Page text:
Moreover, Robins’s statistical wizardry can explain why observational and randomized studies of the same health problem sometimes appear at first glance to yield conflicting results. For example, while results from a number of large observational studies in post-menopausal women have indicated that hormone replacement therapy (HRT) involving estrogen and progesterone can prevent heart attacks, results from the Women’s Health Initiative’s randomized trial found that HRT appears to cause heart attacks.
Similarly, a number of observational analyses of HIV-infected study subjects showed that highly active retroviral therapy (HAART) slowed the rate of their progression to AIDS or death only marginally. A randomized trial, however, revealed a much larger drop in the disease progression rate.
Such disparities have led some scientists to question the reliability and utility of observational trials. Explains Robins: “Usually it’s assumed that observational studies are biased, because they may not account for important, and possibly also unknown, common causal factors.” In the case of both HRT and HAART, however, reanalyzing the observational trials using Robin’s methods has yielded results consistent with the randomized trials.
that so much of research is observational, colleagues say Robins’s
statistical methods could steer biomedical research down a very different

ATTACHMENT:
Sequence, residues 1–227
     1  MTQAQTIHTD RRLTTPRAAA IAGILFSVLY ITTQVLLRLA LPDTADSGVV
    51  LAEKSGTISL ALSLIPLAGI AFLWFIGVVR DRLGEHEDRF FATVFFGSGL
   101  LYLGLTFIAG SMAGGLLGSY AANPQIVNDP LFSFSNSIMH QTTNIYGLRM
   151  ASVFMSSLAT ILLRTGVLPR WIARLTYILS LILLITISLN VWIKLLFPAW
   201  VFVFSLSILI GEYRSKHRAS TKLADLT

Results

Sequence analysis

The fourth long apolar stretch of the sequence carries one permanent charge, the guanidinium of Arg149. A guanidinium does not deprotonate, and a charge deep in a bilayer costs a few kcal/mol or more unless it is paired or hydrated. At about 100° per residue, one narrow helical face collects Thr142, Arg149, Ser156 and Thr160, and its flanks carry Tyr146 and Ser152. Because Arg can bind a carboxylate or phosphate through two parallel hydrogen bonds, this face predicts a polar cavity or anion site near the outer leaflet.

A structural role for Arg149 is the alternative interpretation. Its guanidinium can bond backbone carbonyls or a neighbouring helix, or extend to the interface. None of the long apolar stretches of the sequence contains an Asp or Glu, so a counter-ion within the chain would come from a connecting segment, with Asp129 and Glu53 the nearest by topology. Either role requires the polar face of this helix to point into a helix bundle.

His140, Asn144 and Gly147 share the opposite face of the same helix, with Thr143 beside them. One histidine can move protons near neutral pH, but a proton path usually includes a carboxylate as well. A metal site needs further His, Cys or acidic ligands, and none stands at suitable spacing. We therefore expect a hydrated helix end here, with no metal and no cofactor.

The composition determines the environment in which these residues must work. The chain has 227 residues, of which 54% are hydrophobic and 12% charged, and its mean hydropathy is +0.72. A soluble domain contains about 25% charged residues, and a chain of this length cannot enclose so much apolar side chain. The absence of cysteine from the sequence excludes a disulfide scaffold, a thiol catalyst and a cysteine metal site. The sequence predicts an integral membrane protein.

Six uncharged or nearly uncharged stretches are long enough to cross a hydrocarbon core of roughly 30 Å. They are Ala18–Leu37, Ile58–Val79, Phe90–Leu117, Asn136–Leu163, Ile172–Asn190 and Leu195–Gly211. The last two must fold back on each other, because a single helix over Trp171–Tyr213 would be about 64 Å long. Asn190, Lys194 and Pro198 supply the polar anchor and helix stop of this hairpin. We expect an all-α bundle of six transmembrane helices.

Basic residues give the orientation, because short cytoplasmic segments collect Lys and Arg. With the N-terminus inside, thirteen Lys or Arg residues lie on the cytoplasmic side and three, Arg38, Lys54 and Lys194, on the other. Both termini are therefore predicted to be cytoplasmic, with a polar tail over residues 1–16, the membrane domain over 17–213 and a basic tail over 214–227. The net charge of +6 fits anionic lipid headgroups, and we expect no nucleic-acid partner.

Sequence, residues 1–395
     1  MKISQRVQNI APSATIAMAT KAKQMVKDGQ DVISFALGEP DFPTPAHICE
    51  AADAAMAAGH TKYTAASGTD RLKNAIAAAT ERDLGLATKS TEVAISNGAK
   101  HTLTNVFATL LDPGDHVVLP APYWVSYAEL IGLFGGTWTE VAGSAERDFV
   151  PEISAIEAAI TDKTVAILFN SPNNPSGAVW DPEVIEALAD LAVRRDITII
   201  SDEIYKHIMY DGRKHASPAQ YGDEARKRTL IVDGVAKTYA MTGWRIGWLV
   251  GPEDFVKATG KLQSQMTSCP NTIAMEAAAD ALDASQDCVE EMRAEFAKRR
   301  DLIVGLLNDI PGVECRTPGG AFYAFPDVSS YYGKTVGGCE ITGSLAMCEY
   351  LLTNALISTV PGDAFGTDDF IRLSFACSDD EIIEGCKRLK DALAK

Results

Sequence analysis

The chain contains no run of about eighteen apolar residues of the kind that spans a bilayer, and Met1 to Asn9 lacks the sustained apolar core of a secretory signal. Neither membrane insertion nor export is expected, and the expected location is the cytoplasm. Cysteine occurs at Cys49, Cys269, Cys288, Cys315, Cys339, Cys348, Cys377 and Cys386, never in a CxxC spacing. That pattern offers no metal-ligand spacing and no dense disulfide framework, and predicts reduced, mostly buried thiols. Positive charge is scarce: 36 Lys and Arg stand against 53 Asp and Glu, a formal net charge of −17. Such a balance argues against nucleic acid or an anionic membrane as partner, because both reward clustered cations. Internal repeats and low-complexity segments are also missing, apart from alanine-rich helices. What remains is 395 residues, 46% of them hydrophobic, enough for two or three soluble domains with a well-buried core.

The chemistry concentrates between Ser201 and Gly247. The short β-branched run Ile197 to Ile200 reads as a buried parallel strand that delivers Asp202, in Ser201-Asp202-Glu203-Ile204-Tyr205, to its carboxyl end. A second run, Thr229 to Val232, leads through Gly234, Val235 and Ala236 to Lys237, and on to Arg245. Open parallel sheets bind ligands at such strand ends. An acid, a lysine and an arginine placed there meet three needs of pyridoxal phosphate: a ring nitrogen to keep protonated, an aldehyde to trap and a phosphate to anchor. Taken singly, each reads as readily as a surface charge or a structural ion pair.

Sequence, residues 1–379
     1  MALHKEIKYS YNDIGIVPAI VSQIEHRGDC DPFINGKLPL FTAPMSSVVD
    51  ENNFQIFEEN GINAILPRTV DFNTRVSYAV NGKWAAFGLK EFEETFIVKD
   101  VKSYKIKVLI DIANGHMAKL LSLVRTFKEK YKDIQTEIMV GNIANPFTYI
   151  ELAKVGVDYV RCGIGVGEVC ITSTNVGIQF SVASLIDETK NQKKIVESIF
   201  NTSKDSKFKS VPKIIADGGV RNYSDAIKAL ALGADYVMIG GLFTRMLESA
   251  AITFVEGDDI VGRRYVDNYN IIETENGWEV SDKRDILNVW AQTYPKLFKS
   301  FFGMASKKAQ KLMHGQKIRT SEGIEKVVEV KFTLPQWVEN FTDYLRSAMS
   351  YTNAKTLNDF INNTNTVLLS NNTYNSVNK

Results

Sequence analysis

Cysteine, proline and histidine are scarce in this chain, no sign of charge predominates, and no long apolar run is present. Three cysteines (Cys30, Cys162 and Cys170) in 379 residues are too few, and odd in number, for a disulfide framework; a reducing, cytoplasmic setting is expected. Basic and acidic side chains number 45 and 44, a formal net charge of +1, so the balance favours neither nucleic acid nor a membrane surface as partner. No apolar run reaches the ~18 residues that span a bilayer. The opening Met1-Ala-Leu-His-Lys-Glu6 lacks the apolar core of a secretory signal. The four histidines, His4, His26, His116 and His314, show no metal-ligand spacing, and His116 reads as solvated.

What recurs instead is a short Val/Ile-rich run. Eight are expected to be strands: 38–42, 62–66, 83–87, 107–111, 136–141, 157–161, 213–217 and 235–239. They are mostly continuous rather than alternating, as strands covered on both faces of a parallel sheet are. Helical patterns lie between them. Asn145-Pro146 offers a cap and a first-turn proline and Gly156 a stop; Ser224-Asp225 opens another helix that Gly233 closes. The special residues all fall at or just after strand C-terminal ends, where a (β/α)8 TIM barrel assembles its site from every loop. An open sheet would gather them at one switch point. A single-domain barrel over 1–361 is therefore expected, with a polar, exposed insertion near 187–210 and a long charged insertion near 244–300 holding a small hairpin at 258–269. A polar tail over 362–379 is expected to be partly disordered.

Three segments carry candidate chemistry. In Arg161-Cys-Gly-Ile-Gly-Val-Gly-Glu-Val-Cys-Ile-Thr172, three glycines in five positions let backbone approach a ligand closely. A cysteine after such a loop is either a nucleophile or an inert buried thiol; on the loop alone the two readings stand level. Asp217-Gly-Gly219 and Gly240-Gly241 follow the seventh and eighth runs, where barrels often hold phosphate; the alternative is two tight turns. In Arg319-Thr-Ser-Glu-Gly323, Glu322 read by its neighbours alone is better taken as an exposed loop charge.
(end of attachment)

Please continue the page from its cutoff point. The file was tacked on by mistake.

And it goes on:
road, influencing not only the precision of their findings but ultimately
also health practices and policies. HSPH Dean Barry R. Bloom foresees
nothing short of a revolution in the way observational studies are analyzed,
predicting that causal inferences derived from observational studies
using Robins’s methods “will
come to be regarded as a new standard, second only to the gold standard
of randomized trials.”
Though Robins’s insights are “respected
at the very highest level of statistical science,” says Jim Ware,
they have not yet caught on universally.
“The field of statistics is currently divided into parametric, nonparametric, and semiparametric schools of thought,” he says, launching into an explanation that quickly moves beyond the average listener’s grasp. “I just have a feeling that there should be one unified story for everything. I think it will allow for more accurate estimates of uncertainty. But I don’t know if it will be useful yet; that’s part of the research.”
Asked to comment on Robins’s chances of succeeding at this latest self-imposed challenge, Jim Ware smiles. “In physics, Einstein spent the latter part of his life trying to develop a unified theory,” he says. “Einstein didn’t actually succeed. But I’m not prepared to say Jamie won’t.”
Elizabeth Gehrman writes about science, medicine, and public health
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